Balamuthia mandrillaris infection of the skin and central nervous system: an emerging disease of concern to many specialties in medicine

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Purpose of review

Balamuthia mandrillaris infection of the skin and central nervous system has been increasingly reported in the last decade, making this entity a genuine emerging disease. The ability of the clinician in recognizing the skin lesion early in the course of the disease may lead to a successful therapeutic intervention in an otherwise fatal disease.

Recent findings

In the past years, advances have been made regarding knowledge about the ubiquity of the ameba in the environment, its worldwide distribution (with higher prevalence in South America), the patients at risk (particularly those of Hispanic origin), the diagnostic methods (including those based on molecular biology) and the different therapeutic strategies that have resulted in survival of patients. A recent report dealing with organ transplant transmission of this infection has made it a subject of interest in transplant medicine.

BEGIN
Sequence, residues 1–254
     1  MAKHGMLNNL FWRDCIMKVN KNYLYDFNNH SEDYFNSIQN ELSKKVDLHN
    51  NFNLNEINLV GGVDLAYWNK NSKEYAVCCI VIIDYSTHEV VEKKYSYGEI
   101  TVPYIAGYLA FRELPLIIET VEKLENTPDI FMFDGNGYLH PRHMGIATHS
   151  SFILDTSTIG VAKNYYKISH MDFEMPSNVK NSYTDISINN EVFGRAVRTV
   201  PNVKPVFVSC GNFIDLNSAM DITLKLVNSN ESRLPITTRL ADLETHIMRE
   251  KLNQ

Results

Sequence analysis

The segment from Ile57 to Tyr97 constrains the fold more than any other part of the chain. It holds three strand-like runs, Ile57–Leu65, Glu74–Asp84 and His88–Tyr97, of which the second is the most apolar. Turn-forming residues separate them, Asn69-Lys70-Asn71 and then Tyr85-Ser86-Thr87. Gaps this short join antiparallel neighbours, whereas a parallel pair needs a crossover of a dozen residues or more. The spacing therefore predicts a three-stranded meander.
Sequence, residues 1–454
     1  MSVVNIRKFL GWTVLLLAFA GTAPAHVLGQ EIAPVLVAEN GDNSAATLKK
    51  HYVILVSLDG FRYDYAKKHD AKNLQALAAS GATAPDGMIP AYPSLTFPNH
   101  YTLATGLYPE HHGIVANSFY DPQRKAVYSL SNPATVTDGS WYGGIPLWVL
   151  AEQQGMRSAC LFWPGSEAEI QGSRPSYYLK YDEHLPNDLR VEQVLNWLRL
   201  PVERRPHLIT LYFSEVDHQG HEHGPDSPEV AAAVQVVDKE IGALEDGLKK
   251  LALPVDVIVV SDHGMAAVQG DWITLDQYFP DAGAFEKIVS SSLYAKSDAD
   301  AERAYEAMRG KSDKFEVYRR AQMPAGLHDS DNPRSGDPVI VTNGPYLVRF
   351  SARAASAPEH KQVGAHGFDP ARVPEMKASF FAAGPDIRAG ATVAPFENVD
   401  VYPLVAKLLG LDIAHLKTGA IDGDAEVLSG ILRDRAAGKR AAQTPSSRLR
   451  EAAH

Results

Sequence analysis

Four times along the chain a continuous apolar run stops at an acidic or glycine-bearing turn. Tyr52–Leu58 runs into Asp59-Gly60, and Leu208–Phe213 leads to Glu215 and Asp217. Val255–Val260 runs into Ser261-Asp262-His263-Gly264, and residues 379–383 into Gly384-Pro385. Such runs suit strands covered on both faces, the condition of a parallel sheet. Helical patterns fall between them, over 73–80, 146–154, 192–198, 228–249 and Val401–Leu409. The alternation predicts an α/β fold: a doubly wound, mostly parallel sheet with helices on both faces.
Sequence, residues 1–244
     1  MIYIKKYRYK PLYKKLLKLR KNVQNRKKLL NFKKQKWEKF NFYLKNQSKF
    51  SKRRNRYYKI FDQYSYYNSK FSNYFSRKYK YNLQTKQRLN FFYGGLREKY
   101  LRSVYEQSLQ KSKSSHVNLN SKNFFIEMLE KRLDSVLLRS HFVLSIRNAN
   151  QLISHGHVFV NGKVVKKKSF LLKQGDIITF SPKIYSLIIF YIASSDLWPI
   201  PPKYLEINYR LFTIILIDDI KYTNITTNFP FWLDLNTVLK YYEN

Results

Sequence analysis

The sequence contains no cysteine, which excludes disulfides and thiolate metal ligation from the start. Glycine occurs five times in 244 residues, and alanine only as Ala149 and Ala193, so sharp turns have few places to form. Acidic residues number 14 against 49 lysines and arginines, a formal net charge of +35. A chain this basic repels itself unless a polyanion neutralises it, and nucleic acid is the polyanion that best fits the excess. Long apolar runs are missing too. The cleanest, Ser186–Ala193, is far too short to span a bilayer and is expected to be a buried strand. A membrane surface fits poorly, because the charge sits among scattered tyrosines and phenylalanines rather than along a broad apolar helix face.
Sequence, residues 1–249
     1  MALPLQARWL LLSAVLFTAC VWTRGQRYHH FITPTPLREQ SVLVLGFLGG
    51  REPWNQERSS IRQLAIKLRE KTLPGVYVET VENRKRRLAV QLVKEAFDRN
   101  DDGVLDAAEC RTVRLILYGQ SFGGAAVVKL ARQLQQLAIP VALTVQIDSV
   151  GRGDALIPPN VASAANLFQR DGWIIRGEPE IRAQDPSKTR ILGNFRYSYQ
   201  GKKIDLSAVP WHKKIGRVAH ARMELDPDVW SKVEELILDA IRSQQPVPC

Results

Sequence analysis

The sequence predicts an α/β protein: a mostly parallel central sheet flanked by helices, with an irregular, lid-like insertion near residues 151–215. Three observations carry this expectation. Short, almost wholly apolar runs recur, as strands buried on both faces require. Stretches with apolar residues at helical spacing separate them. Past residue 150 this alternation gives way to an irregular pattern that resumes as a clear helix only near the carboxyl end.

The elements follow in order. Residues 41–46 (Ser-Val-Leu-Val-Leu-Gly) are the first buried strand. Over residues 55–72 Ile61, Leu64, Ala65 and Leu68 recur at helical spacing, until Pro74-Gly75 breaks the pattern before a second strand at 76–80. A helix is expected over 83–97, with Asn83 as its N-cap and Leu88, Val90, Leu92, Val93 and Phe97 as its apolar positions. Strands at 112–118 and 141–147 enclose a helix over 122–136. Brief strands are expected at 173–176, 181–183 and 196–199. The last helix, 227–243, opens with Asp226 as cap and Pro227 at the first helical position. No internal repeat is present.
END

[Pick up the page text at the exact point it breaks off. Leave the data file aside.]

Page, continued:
The present review will allow readers from different fields (clinician, dermatologist, neurologist, infectious disease and transplant specialist) to become familiar with the clinical aspect of the disease, including diagnosis and therapy.

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